The optical heart rate sensors take a heart rate reading every few seconds during the day and every second during workout sessions. This should, in theory, give wearers relatively accurate measurements.
You also get stats on your resting heart rate. Outside of any specific ailment, a lower resting heart rate correlates very closely to a state of greater general fitness and health. Resting heart rate is traditionally measured just before waking up and certainly before you start moving around. The smartphone app graphs your resting heart rate so you can see how it changes from day to day, week to week and month to month.
Both the Charge and Blaze also automatically recognize select exercises and log them in the Fitbit app. It can be easy to forget to log an exercise, so a feature that does it automatically is useful. Activities are recorded when you’ve been active for at least 15 minutes, but that time can be manually adjusted according to your preference.
You can also start a workout manually from the device, so you can see your real-time target heart rate zone and optimize your sessions for fat burning, a fitness boost, or performance benefits. The Blaze offers the additional benefit of displaying workout summaries, instructions and coaching directly on the display.
Fitbit has yet to produce a wearable with integrated GPS. The Blaze and Charge 2 use something called connected-GPS, which is a fancy way of saying the wearables tap into your smartphone’s GPS to map your routes and deliver real-time activity stats. But you will need your mobile device nearby to use this feature.
Essential reading: Fitbit’s new sleep tracking feature explained
Fitbit has recently introduced new sleep features. ‘Sleep Stages’ uses accelerometer and heart rate data to more accurately estimate how long you spend in Light, Deep, and REM sleep stages each night. The app sifts through the stats and offers advice on ways to improve your kip time. The more you wear your tracker to bed, the more personalized insights you may receive.
Sleep mode kicks in from your movements. Which means, all you have to remember is to wear your tracker to bed. When you wake up, sync your tracker to see last night’s sleep stats on the dashboard.
A new feature that Fitbit has introduced in the latter part of last year is called Cardio Fitness Level. The metric gives you a snapshot of your fitness level using a personalised Cardio Fitness Score. This is based on your estimated VO2 Max that is calculated using your user profile and resting heart rate. The Cardio Fitness Level shows how you compare to those of the same age and gender, and ranges from poor to excellent. This is essentially a new way to monitor your overall fitness over time.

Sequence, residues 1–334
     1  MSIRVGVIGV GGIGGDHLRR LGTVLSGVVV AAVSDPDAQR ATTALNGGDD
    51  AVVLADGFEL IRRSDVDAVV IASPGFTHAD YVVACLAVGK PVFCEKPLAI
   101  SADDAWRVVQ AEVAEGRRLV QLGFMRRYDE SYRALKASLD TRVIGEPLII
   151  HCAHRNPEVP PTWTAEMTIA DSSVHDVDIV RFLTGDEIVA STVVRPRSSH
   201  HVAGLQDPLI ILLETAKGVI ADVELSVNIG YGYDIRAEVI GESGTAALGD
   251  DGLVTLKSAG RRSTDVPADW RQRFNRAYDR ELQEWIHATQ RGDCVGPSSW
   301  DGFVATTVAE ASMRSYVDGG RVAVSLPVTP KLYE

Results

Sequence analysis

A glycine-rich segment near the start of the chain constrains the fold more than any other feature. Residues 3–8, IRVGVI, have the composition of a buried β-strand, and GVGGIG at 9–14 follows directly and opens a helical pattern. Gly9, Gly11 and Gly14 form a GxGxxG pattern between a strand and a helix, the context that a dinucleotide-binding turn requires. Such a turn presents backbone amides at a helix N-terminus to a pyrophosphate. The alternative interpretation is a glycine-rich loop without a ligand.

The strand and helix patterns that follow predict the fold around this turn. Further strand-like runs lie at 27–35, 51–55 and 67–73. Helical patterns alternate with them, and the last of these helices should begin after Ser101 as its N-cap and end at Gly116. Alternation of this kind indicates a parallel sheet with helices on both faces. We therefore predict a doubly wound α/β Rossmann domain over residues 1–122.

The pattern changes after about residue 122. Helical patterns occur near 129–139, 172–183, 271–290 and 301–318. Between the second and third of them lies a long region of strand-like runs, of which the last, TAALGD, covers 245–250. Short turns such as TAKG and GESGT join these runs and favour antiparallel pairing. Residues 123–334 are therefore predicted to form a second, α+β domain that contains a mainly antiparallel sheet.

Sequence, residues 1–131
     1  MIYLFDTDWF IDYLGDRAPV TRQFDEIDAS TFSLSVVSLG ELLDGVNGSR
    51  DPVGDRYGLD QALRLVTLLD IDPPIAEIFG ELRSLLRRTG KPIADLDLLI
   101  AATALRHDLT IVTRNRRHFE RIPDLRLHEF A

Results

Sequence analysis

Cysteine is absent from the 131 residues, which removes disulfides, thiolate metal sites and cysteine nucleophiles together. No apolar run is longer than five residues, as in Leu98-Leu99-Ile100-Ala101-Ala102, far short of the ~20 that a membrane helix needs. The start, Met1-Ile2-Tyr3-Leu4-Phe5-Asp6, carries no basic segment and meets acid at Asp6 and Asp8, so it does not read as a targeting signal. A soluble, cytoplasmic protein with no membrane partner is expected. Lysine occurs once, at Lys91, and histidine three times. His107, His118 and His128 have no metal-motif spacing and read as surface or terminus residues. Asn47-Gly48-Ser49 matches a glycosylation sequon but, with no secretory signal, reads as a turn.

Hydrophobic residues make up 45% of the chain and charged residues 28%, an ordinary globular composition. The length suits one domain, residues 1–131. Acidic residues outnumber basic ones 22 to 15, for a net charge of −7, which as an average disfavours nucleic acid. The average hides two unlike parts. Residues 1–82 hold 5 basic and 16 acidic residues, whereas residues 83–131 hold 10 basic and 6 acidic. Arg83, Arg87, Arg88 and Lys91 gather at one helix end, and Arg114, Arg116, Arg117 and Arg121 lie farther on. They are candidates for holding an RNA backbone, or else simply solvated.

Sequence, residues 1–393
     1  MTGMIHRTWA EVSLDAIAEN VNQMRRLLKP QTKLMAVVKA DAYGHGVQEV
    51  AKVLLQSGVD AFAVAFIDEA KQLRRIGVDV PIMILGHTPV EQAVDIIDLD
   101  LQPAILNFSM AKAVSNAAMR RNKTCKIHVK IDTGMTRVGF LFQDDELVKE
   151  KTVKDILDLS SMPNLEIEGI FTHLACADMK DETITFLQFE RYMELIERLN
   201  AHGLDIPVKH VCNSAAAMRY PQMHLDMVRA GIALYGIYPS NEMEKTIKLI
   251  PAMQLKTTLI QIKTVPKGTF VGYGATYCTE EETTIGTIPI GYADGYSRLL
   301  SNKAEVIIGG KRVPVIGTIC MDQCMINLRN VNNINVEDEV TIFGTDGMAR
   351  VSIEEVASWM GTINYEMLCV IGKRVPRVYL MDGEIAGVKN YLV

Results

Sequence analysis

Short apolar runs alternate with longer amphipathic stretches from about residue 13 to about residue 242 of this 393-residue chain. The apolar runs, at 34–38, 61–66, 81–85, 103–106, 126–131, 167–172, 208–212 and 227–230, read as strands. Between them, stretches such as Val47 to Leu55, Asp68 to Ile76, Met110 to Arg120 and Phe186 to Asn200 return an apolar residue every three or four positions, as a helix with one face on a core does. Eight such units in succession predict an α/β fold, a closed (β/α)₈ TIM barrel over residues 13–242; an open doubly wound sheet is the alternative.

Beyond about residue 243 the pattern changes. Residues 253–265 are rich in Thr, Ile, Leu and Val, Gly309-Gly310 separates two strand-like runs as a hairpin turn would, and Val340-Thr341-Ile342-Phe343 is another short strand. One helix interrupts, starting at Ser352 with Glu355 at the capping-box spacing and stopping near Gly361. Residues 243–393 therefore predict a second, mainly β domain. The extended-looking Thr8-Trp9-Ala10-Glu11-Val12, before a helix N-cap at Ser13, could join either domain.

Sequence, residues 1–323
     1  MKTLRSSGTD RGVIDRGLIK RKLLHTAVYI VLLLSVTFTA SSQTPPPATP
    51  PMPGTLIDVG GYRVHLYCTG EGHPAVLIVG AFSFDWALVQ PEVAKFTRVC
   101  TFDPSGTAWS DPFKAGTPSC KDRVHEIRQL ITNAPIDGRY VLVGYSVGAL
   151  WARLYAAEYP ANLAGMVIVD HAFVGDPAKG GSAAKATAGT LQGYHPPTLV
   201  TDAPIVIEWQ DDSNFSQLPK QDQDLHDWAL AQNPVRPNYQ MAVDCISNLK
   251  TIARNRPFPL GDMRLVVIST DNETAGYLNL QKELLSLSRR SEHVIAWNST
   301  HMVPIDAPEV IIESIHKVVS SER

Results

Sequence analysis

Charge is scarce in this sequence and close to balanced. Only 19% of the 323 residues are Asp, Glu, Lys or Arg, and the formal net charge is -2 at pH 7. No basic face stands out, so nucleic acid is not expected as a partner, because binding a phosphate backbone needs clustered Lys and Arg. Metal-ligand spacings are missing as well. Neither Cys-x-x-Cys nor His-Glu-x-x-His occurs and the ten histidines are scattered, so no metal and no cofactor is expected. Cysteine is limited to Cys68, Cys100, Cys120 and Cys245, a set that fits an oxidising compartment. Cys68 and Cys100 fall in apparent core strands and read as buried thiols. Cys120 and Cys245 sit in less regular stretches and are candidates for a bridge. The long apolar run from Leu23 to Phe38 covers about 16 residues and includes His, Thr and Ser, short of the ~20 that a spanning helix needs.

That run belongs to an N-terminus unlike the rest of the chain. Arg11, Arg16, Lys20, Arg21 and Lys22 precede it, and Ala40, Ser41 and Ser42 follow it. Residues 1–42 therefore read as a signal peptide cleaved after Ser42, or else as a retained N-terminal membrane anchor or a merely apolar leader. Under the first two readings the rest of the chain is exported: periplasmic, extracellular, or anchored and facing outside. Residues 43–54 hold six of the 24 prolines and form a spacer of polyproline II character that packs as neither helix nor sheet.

The Charge 2 always had this feature, and from March this year Fitbit upgraded the Blaze firmware to include this functionality. This firmware update also added Guided Breathing Sessions, a feature that up to now was exclusively available on the Charge 2. This is a relaxing mindfulness experience that calms your body and mind through personalized deep-breathing sessions called “Relax”.
Finally, both the Charge 2 and Blaze display notifications for incoming calls, text messages and calendar alerts. The Blaze goes further though and shows notifications from your favorite apps on screen. Its much larger screen real-estate makes viewing notifications a much more enjoyable experience. The Charge 2 only shows snippets, while the Blaze provides you with the full message.
While it doesn’t play music, the Blaze also allows you to control your smartphone’s music playlist. You can pause, go back and skip tracks, which is helpful because it means you don’t have to take your smartphone out of your pocket when working out.
Fitbit Charge 2 or Blaze: The bottom line
Despite its looks, the Blaze is very much a fitness tool rather than a smartwatch. And there is definitely a market for this sort of wearable as indicated by its Amazon reviews. It covers the basics well, and offers a wide range of essential vitals stats. From March this year, the tracker became a little more feature-packed with the introduction of Cardio Fitness Level and Guided Breathing Sessions.
Retailing at around $50 less than the Blaze, the Charge 2 is one of the best value for money fitness trackers you can buy today. For the average person who is looking for a solid 24/7 activity tracker, it ticks all the boxes.
Fitbit Charge 2
There is very little that separates the two devices in terms of features, which means it really comes down to the design. If you are looking for something more low-key, the Charge 2 is the way to go. Want a larger, interactive display and music control? The Blaze should be your choice.